BY THOMAS NAPLES
Journalism saved my life.
My journey to UNITY 2012 started almost two years ago when I came out as a gay man, had a total breakdown and took a leave of absence from Cornell University. All within three months.
I was suicidal; I was addicted; and I was despondent. I was 22 and in my senior year of college, and I had no career path.
After spending some time in a psychiatric hospital, I answered an ad in the Warwick Valley Dispatch (in New York state) looking for a reporter to cover local meetings.
One of my first assignments was to cover a suicide prevention and awareness walk, where I heard heart-wrenching stories and shared experiences. One group of about 20 people marched in honor of a young man who committed suicide at my age. I saw the pain and sorrow caused by his action.
It felt like providence.
I eventually took on investigative work and profiled local personalities and politicians. I had found my career path.
Coming out, however, was a more painful process. My mother cried but accepted me; my father pushed me out of our home.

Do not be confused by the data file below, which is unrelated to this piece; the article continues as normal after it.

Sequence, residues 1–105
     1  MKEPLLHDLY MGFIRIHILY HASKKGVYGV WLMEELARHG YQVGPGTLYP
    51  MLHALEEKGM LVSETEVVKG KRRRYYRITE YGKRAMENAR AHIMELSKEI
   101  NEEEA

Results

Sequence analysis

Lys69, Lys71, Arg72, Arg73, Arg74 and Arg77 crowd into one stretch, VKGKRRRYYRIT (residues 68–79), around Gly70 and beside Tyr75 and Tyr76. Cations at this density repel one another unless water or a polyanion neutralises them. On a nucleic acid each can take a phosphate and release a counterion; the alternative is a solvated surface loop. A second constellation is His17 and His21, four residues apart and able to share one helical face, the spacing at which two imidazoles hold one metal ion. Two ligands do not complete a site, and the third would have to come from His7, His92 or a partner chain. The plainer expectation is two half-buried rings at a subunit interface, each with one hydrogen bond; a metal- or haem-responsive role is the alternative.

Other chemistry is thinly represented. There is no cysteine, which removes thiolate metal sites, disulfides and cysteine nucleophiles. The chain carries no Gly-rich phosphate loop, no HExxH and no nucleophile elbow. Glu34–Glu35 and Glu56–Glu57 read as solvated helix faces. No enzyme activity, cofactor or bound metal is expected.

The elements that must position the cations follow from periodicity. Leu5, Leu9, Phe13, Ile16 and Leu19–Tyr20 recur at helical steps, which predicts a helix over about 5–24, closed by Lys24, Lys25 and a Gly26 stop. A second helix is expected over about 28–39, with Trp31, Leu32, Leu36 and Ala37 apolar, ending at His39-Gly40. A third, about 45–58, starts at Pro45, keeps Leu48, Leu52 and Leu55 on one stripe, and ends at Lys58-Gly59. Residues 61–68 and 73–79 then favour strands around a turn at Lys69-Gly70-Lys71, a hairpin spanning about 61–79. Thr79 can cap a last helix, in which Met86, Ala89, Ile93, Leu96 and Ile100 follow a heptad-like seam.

However, I had the support of most of my family, many friends and my editors. Over the next year, I achieved sobriety and sanity, and grew as a person and a journalist.
I joined the National Lesbian and Gay Journalists Association and was immediately struck by the kindness and professional assistance I received from the staff and members. I was also thrilled to learn that NLGJA was part of a larger alliance of minority journalists.
When I walked into my hotel room at UNITY 2012 and met my roommate, I knew I was home. Although we are from distinct associations, disparate places and different schools, we immediately bonded over our passion for journalism.
Joining the UNITY student newsroom has boosted my confidence and allowed me to learn and practice new skills. Working alongside other outstanding young journalists and under the tutelage of our mentors has proven invaluable.
It means a lot to me that NLJGA is now a full member of the UNITY alliance, because I feel that my struggles for inclusion and acceptance as a gay man have been recognized.
Journalists are compassionate people, always interested in hearing — as well as telling — a good story. I’m still writing the story of my life, and from now on, UNITY will be a part of it.